About the authors: Christopher Patz is a Policy Officer at the European Coalition for Corporate Justice (ECCJ), which works to develop a European framework for human rights and environmental due diligence whilst enhancing accessing judicial remedy for victims. Previously he worked on judicial and non-judicial cases against European brands and private auditors for their involvement in factory fires and collapses in South Asia, which he documented in the film Discount Workers. He holds an LLB and Graduate Diploma in Legal Practice from the Australian National University.
With the long-awaited passage of the European Parliament’s Corporate Due Diligence & Corporate Accountability legislative report the EU co-legislator has, for the second time in six months, officially called on the European Commission to bring forth EU Due Diligence legislation with improvements on access to judicial remedy for victims; specifically civil liability rules for harm occurring in the value chains of EU companies.
The Corporate Due Diligence legislative report duly acknowledges that the right to effective remedy is an internationally recognized human right; that remediation for harm is part of the corporate duty to respect human rights; and that States have an obligation under Pillar III of the UNGPs to enhance access to judicial remedy for victims of corporate abuse (Recital 55). It clearly states an object of the legislation is to provide for a value chain civil liability regime in order to ensure victims’ access to remedies (rt 1.3).
It provides for a civil liability regime (Art 19.2) whereby a European company is liable for any harm arising from adverse impacts to human rights, the environment or good governance (e.g. through bribery or corruption) that it; or a company that it controls; has caused or contributed to; by acts or omissions.
In devising this civil liability regime, the report imports definition from the OECD Due Diligence Guidance and EU Competition law, namely the notion of ‘contribute to’ (Article 3(10)) and “control” (Article 3(9)) respectively. These are not definitions currently commonly used in Member State courts in civil liability cases. By intentionally introducing these specialized terms in the context of civil liability together with their definitions, the parliament is giving a clear indication of what harm scenarios it expects to see covered by future civil liability provisions of the forthcoming EU due diligence directive.
Liability Scenario 1: A company’s own causation of harm
The report affirms the status quo in all EU jurisdictions that a company is liable for any harm that it itself has caused.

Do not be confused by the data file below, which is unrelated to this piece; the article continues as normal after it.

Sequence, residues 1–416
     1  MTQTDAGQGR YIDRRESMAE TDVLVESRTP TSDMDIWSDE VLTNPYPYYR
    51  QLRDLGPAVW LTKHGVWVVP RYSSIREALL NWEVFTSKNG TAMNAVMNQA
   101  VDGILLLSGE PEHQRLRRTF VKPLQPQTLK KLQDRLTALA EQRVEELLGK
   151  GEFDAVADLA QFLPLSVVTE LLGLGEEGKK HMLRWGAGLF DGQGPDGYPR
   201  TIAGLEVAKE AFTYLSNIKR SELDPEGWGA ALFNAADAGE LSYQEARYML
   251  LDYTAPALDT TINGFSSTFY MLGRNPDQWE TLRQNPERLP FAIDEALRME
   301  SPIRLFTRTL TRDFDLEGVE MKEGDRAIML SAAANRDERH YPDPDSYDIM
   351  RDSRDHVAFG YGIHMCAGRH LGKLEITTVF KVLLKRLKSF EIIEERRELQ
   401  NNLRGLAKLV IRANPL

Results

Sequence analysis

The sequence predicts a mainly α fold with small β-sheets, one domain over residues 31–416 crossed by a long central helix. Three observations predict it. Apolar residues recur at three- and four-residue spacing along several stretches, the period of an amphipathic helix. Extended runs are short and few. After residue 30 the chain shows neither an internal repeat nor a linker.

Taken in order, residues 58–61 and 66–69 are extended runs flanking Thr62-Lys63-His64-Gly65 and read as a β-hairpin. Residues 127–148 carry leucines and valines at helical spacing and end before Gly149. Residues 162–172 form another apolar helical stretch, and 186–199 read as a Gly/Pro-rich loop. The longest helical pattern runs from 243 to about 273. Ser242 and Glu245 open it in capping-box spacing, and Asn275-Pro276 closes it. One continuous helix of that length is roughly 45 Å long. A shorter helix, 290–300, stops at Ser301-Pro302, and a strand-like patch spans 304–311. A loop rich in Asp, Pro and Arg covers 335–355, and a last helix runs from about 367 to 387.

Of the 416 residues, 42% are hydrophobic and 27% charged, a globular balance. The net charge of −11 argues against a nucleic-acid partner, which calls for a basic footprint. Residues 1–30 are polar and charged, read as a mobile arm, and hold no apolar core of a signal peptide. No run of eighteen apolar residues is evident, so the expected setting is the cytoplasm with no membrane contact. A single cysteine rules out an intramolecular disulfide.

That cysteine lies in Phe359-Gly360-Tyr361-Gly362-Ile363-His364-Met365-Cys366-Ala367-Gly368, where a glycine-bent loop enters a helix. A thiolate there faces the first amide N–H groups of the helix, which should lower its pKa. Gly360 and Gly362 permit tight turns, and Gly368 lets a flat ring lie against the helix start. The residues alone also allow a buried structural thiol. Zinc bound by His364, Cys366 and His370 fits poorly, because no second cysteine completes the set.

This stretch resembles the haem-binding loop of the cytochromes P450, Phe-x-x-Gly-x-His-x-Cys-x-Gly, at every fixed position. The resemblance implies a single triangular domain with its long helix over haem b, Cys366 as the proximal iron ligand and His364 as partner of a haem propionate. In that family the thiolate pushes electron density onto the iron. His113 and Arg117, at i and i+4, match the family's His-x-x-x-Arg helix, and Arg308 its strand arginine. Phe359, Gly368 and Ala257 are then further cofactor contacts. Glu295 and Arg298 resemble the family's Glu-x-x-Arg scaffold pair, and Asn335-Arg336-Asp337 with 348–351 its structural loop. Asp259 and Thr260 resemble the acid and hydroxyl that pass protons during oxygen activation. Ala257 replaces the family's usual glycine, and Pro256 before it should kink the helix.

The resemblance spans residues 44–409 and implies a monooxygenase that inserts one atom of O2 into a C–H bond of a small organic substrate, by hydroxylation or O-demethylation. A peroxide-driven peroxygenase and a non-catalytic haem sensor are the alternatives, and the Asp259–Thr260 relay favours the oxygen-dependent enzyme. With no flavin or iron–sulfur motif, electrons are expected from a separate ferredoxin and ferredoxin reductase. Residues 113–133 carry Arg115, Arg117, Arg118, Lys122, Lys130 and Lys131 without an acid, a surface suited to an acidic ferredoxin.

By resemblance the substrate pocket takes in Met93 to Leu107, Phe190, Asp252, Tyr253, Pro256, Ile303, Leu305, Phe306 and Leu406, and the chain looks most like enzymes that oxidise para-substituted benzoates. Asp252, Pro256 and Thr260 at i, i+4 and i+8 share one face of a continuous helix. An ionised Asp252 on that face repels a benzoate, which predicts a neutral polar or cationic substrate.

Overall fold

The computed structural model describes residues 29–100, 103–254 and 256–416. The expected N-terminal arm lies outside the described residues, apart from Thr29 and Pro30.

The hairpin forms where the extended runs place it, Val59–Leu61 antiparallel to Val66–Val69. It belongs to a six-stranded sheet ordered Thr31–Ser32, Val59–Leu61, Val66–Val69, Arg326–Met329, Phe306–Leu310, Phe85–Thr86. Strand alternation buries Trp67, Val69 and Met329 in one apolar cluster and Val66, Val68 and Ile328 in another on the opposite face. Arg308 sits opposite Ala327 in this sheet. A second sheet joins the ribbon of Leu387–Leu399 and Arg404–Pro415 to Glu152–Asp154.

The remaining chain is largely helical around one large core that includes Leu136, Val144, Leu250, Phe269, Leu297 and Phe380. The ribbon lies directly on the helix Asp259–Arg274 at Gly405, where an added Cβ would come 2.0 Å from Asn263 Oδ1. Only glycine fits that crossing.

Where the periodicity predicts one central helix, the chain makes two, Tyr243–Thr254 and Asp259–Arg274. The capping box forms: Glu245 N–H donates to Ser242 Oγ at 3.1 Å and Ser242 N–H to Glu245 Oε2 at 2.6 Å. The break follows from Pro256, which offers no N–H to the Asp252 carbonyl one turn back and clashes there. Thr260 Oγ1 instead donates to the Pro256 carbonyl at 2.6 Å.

Liability Scenario 2: A company’s own contribution to harm
The report provides that a company is liable for any harm that it has contributed to in its value chain.
The notion of contribution to harm originally derives from the UNGPs which distinguishes it from causing harm. The parliamentary report uses the OECD definition, which covers activities of a company that, together with those of another entity, cause harm; or activities of a company that facilitate or incentivize another entity to cause harm. The report therefore foresees a company will be liable for harm caused by any other entities in the value chain that it itself has facilitated or incentivized. The mere existence of a business relationship, or activities which create the general conditions in which harm is made possible, is not enough for ‘contribution’ to harm. Rather the act or omission in question should “substantially increase” the risk of harm by another entity. Factors to be taken into account include (i) the degree to which the company’s activity increased the risk of the harm occurring; (ii) the foreseeability of the harm; (iii) degree to which the company actually mitigated the harm by the other entity.
A company’s predatory purchasing policies that put severe pressure on supplier factories are acts that substantially increase the risk of harm to workers by a factory’s management; such policies facilitate and incentivize harm to workers in the form of gross (often unpaid) overtime and resulting workplace accidents (a foreseeable and well-documented result of said purchasing practices), and can thus amount to contribution. An OHCHR report finds that changing product requirements for suppliers at the eleventh hour without adjusting production deadlines and prices can push suppliers to breach labour standards in order to deliver.
Likewise, an omission to adequately monitor a supplier factory for proper fire safety measures would substantially increas the risk of harm to workers; facilitating and incentivizing lax workplace fire preparation by the factory management. That fire would result as a result of the omission is, in various sectors in many countries, sadly and totally foreseeable.
Liability Scenario 3: Liability for harmed caused by a controlled entity